FoodFest: Eating the World

FoodFest: Eating the World

I don’t think it is a secret that people out here like to eat. A lot. So it should be no surprise that BYU-H’s FoodFest is probably the second most well-attended community event, right after any and all Kahuku High School football games. They have a FoodFest at least once a semester. All the school’s clubs make food that is representative in some way of the club and then they sell them for tickets, which cost 50 cents a piece. Most of the clubs are nationality based: Thai Club, Samoan Club, Indian Club, etc., although there are clubs like Badminton, Diving, Exercise Science, and English as well. We were persuaded by Micah’s intern to go to FoodFest last night because of the possibility of getting tasty Thai food for cheap. We got there late, knowing that most of the clubs start dropping their prices as closing time approaches, but were dismayed that the Thai club’s food was the most expensive, and Jay, our hookup, was nowhere to be found. After circling the party a few times to get a feel for what was there and how much it would cost, we blew two dollars on four tickets (I know, I know, we were splurging, give us a break) and started haggling with some of the more desperate clubs. Singapore gave us three cans of juice for one ticket, and a take home box of mapo tofu for another ticket. India had roti advertised for 2 tickets, and we thought that was a worthwhile investment, knowing that Sister Rama, our first landlady in Laie, sells roti for $2 on payday. We waited around for 15 waiting for a fresh batch (since they were all out when we got there), only to find out that they were not selling roti stuffed with curry like we were used to, but just the tortilla-like wrap portion. You win some, you lose some. Fortunately, we ran into a friend whose eyes were bigger than her stomach and had a peanut butter rice crispy square weighing her down. We gladly eased her burden. And just as we were about to leave, Jay the Intern, came to our rescue, and, as promised, hooked us up with some tasty Thai coconut rice with mango. Mmmm mmmm good. Not a bad haul for 2 dollars, when all is said and done.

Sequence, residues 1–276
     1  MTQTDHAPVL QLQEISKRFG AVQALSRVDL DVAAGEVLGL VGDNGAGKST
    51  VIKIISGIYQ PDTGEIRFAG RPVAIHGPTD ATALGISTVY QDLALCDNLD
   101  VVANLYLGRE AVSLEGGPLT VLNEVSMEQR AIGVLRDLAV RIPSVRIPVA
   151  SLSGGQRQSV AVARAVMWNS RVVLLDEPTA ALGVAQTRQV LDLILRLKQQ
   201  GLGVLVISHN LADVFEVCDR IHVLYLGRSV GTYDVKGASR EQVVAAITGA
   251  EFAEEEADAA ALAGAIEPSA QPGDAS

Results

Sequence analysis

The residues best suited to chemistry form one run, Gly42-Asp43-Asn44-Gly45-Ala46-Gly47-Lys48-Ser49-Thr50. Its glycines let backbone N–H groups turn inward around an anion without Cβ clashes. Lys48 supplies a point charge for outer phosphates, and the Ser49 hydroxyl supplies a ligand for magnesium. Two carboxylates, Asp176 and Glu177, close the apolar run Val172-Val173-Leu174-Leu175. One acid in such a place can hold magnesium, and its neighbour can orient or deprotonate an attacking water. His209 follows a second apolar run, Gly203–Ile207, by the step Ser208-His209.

*Yea! We got the pictures working.

3 thoughts on “FoodFest: Eating the World

  1. Roti means bread in some southeast Asian countries, I believe. It’s a flat bread, like a tortilla. In fact, it looks like a tortilla and is made with the same ingredients, but it tastes a little bit different. As I said, they often fill it with curry and serve it like a burrito. That was what I was expecting, but I just got a piece of bread instead.

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